In Part 1 of this blog series, we reviewed applicable health and medical regulations, protecting your assets, and state regulations. In this blog, it’s time to look at a video of reasons medspas succeed when they open their doors and a handful of other important legal considerations.
Reasons Medspas Succeed Upon Opening Their Doors
The Corporate Practice of Medicine Doctrine
This doctrine restricts the practice of medicine to physicians and certain professional corporations which are allowed to practice medicine in a state. In short, lay corporations cannot engage in the practice of medicine. Special planning and documentation are required in developing a management service organization (MSO)—where the non-physician owned MSO oversees and owns aspects of the business such as the brand, building, and technology.
Prohibitions Against Fee Splitting
Lay corporations are prohibited from practicing medicine through the employment of physicians and other arrangements whereby the lay corporation receives profits from the provisions of a physician’s professional services.
Warning: Franchise systems involve the use of lay corporations. Thus, special planning and documentation is required. In some states this may require the ownership and operation of the business through several different legal entities.
HIPAA Security & Privacy Regulations
Aesthetic medical practices (aka medspas) are health care providers. Just because they don’t involve health plans doesn’t mean they shouldn’t obligate themselves to be HIPPA compliant. Make sure you understand these regulations and get an official opinion from a healthcare attorney before you open your business.
Medical Directors: Partners By Necessity
Whose medical practice is it – yours or your Medical Director? Whether you are an owner, franchisee or an area developer, care must be taken in the recruitment, employment, compensation and termination of Medical Directors.
For example, does it make a difference if your Medical Director is an independent contractor or an employee? Can you terminate a Medical Director who becomes impaired? If you terminate a Medical Director, do the patient files belong to the Medical Director? Can you stop a terminated Medical Director from opening a spa, center or clinic across the street from you?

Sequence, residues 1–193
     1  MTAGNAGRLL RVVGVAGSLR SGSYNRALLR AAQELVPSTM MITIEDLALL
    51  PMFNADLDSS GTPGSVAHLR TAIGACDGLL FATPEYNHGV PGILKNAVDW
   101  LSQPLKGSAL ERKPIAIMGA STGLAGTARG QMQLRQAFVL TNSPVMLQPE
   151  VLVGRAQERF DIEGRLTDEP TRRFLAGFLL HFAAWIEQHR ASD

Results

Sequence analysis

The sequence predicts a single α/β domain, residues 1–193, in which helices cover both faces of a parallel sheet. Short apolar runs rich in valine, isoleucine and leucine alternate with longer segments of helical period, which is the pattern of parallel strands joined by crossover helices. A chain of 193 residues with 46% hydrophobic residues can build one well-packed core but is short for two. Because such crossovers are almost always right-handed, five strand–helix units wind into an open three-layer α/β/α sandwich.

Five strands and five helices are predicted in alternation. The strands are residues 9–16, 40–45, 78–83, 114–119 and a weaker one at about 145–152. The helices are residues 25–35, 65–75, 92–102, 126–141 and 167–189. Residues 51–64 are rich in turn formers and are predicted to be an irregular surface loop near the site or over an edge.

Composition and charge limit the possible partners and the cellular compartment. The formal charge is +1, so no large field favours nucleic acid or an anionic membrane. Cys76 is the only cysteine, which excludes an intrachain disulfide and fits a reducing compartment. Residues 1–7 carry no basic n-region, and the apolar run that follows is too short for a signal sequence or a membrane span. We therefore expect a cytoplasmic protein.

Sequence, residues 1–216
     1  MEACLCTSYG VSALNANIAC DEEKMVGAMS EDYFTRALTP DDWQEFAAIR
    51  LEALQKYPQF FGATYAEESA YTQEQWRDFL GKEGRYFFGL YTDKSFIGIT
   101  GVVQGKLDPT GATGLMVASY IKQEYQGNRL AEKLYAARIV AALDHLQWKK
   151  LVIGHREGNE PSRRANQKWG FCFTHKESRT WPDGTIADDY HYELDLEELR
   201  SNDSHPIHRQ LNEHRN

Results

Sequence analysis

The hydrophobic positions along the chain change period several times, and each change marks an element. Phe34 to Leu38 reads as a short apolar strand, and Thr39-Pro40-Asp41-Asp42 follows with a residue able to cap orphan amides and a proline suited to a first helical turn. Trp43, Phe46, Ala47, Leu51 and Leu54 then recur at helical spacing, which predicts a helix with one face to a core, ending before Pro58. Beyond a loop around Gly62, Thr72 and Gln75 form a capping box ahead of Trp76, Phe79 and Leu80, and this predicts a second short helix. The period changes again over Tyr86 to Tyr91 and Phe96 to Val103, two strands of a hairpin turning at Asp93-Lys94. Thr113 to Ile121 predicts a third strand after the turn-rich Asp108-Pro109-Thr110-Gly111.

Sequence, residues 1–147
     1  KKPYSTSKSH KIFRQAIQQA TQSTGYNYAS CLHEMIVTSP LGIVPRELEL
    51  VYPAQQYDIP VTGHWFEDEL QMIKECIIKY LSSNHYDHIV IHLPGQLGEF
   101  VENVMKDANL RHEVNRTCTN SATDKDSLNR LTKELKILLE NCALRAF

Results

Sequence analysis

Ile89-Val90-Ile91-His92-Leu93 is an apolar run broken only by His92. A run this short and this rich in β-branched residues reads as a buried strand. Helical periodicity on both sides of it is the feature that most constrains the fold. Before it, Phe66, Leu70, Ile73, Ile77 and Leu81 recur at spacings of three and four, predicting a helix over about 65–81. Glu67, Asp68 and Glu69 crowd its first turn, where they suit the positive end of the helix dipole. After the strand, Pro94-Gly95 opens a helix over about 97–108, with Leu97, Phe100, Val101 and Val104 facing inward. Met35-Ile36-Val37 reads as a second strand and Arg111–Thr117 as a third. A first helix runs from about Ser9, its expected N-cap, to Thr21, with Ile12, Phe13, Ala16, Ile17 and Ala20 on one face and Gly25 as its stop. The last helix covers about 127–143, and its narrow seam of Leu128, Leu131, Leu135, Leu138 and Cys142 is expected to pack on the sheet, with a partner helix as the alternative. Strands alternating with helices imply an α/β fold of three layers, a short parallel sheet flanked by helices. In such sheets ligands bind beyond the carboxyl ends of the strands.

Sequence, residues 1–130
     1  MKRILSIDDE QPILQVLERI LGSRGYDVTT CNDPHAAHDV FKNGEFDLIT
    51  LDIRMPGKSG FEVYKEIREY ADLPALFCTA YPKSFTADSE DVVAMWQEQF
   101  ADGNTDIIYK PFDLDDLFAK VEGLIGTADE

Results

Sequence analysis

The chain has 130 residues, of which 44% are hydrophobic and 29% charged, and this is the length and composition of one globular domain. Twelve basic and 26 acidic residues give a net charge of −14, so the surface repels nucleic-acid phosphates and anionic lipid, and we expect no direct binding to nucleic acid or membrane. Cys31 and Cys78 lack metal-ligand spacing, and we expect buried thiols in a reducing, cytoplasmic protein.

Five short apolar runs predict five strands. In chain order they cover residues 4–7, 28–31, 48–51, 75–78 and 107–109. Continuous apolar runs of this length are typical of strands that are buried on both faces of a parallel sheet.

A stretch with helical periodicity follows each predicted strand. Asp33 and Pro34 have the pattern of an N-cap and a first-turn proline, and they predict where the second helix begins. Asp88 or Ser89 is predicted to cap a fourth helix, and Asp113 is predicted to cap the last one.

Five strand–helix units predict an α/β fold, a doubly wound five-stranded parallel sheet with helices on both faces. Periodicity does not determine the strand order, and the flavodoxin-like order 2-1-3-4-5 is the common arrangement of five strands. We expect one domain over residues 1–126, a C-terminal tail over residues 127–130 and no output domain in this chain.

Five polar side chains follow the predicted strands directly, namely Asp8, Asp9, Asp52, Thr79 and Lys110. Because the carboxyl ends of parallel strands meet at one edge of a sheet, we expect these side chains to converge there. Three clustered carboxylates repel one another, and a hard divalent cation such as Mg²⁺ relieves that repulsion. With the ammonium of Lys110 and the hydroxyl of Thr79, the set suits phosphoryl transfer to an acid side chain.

There are no standardized agreements to employ a Medical Director. Each state has different legal requirements. Each business has different operational requirements.
Do you understand the differences between business and malpractice coverage? Do you know the differences between “specified perils”, “open perils” and “tail coverage?” Will you have coverage if a former Medical Director testifies during her deposition that you violated the corporate practice of medicine doctrine or engaged in fee-splitting? What if your Medical Director had no prior aesthetic medical experience prior to the date he approved your medical protocols? Will you have coverage if your Medical Director does not participate in a peer review program?
In particular, medical spas should maintain the following types of coverage: medical professional liability, medical spa liability, general business liability, employee benefits liability, group health insurance, directors & officers, workers compensation and employment practices.
With this information, we are only skimming the surface of the due-diligence that is required for lay-people to open a medspa. For more information about how you can open a medspa as a lay-person, contact the team at Acara Partners.